a tide.—The rainfall of South Africa. The possibility of NEW SOUTH WALES.

prediction over the south-west : A. G. Howard. For this Linnean Society, April 28. - Mr. C. Hedley, president, investigation, which extended over five complete years, in the chair.—The geology and petrology of the Canoblas,

thrce stations were selected, so

a triangle N.S.W.: C. A. Süssmilch and Dr. H. 1. Jensen. The

of observations, and at each the rise or fall of the baroCanoblas are a group of extinct volcanoes in the vicinity of

meter in twenty-four hours was noted, together with the Orange, N.S.W. The western tableland here has an eleva

direction of the wind at L'Agulhas. From a consideration tion of about 3000 feet. The surface of the tableland is a of the various conditions, which fell under twenty-sis peneplain, above which rise residuals of a still older plain. heads, and were worked out daily during five complete This peneplain was cut out of a series of folded Devonian

years, it was found possible to construct a table for pre and Silurian rocks, and has since been elevated to its

diction purposes. This was applied to the rainfall for the present altitude (3000 feet). The Canoblas Mountains

year 1908, and the element of error under each condition proper consist of lavas and tuffs, deposited upon the

of barometer was :-(1) when the pressure was decreasing peneplain.-Observations the development of the

generally, 5:23 per cent., and (2) when the pressure was marsupial skull : Prof. R. Broom. A fairly complete increasing generally, about

n per cent., proving the series of the diprotodont Trichosurus vulpecula, and an

argument that it is possible to predict rainfall over the interesting early stage of the polyprotodont Dasyurus

district from the date suggested. viverrinus, have been studied.-Notes on the synonymy and distribution of certain species of Australian Coleoptera,

DIARY OF SOCIETIES. with descriptions of new species of Tenebrionidæ : H. J.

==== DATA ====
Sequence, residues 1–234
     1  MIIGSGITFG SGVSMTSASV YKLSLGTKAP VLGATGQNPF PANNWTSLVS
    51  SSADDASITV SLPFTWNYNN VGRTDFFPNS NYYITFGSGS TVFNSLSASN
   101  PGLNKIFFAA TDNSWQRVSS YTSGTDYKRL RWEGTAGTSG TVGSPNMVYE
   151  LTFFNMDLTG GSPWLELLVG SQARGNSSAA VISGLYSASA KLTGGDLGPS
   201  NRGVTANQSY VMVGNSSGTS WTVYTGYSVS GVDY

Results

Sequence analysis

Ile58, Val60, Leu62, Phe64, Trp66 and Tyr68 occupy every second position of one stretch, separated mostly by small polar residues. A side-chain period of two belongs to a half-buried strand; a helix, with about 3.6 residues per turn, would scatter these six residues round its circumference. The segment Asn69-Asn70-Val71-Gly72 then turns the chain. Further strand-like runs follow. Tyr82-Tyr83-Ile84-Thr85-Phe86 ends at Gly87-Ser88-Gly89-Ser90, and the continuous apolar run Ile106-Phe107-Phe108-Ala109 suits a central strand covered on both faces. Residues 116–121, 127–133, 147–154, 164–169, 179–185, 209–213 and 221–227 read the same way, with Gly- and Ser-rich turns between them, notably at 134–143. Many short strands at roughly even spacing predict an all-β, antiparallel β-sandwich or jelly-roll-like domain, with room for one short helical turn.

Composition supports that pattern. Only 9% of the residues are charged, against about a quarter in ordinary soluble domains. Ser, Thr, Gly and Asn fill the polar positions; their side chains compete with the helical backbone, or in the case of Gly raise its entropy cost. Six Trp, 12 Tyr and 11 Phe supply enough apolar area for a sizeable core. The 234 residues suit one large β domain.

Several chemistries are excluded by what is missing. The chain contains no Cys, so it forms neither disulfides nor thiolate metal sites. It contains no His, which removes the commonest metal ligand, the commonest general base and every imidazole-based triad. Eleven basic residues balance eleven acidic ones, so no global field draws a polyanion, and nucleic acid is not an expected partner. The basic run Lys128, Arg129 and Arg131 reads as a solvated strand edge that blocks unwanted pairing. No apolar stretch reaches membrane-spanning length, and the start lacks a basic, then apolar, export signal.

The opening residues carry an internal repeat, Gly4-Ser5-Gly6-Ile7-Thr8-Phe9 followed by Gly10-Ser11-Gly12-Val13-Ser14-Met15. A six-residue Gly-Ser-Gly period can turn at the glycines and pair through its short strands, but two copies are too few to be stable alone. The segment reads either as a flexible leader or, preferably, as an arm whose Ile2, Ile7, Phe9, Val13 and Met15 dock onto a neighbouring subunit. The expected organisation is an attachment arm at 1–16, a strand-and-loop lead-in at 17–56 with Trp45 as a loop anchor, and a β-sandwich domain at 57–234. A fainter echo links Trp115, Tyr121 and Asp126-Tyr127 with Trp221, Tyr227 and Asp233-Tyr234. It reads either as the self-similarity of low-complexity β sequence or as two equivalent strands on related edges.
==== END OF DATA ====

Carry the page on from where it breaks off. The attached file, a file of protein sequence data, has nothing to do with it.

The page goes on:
MONDAY, JULY 5. Carter. The paper comprises notes upon the synonymy

Royal GEOGRAPHICAL Society, at 8.30.--Captain Tilho's Explorations is

the Lake Chad Region : Lieut. Mercadier. and distribution of a number of species referable to the

WEDNESDAY, JULY 7. three families Buprestidæ, Tenebrionidæ, and Ceramby

BRITISH ASTRONOMICAL AsSOCIATION, at 5. cidæ, accumulated during a recent visit to Europe, and especially to the museums in Brussels, Paris, London, and

CONTENTS.

PAGE Oxford, together with the descriptions of twenty-one

The Imperial Gazetteer Atlas of India. By species of Tenebrionidæ proposed as new.

T. H. H.
CALCUTTA.

Essays on Leonardo da Vinci. Asiatic Society of Bengal, May 5.-A Goniwmya, from Para Rubber. By L. C. B. the Cretaceous rocks of southern India: H. C. Das. Altitude Tables for Navigators Gupta.-Coptis : 1. H. Burkill. The author endeavours Our Book Shelf:to determine the source of the roots of Coptis sold in “Guide to the Whales, Porpoises, and Dolphins India. Three kinds are sold, one, as is well known, (Order Cetacea), exhibited in the Deputment of coming from the Mishmi hills, and being derived from

Zoology, British Museum (Natural History), CromCoptis Teeta, Wall, the other two imported over-seas, and well Road, London, S.W." possibly being, respectively, roots of Coptis Teeta, var. Bohn:

La Naissance de l'Intelligence."-W. B. chinensis, Fine and Gagnep, and of Coptis anemonaefolia, Owen: “The Dyeing and Cleaning of Textile Sicb. and Zucc. Plants of Coptis Teeta in cultivation at

Fabrics. A Handbook for the Amateur and the the Lloyd Botanic Garden, Darjeeling, have been studied,

Professional."-Prof. Walter M. Gardner

5 and figures drawn from them.-Morphological and physio- Hildebrandsson and Hellmann: “ Codex of Resological differences between Marsilea left on dry land and lutions adopted at International Meteorological that growing in water : Nibaran Chandra Bhattacharjee.

Meetings, 1872-1907

5 Marsilea quadrifolia does not fruit when growing in Abbey : “ The Balance of Nature, and Modern water, but only on dried earth.-Notes on the history of Condi'ions of Cultivation : A Practical Manual the district of Hughli before the Mohammedan period : of Animal Foes and Friends, for the Country Nundo Lal Dey.—The drug astukhudus, nowadays

Gentleman, the Farmer, the Forester, the Lavandula dentata, and not Lavandula Stoechas: 1. H. Gardener, and the Sportsman."--R. L. .

5 Burkill. It is probable that the importation of Lavendula Lotters to the Editor :dentata into India began with the Portuguese trade. Diurnal Variation of Temperature in the Free Before that, Lavendula Stoechas from Asia Minor served Atmosphere. - E. Gold .

6 the drug astukhudus from the time when the Temperature of the Upper Atmosphere.-F. J. w. Mohammedans introduced it.—The Manikyala tope : H. Whipple

6 Beveridge.-First notes on Cymbopogon Martini, Stapf : The Aeronautical Society. ---Eric Stuart Bruce; 1. H. Burkill. The two varieties, Motia and Sofia, are

Prof. G. H. Bryan, F.R.S.

6 to be distinguished from one another by the absence or The Darwin Celebrations at Cambridge

7 presence of the chemical body carvon, by the angle at A New Analytical Engine. By Prof. c. V. Boys, which the leaves arise, and by different preferences in the

F.R.S. matter of climate.

Prof. D. J. Cunningham, F.R.S.

15 Cape Town.

Dr. G. F. Deacon . Royal Society of South Africa, May 19.-Dr. L. Craw. Notes

16 ford in the chair.—The possible existence at Kimberley

Our Astronomical Column :of oscillations of level having a lunar period : Dr. J. R. Astronomical Occurrences in July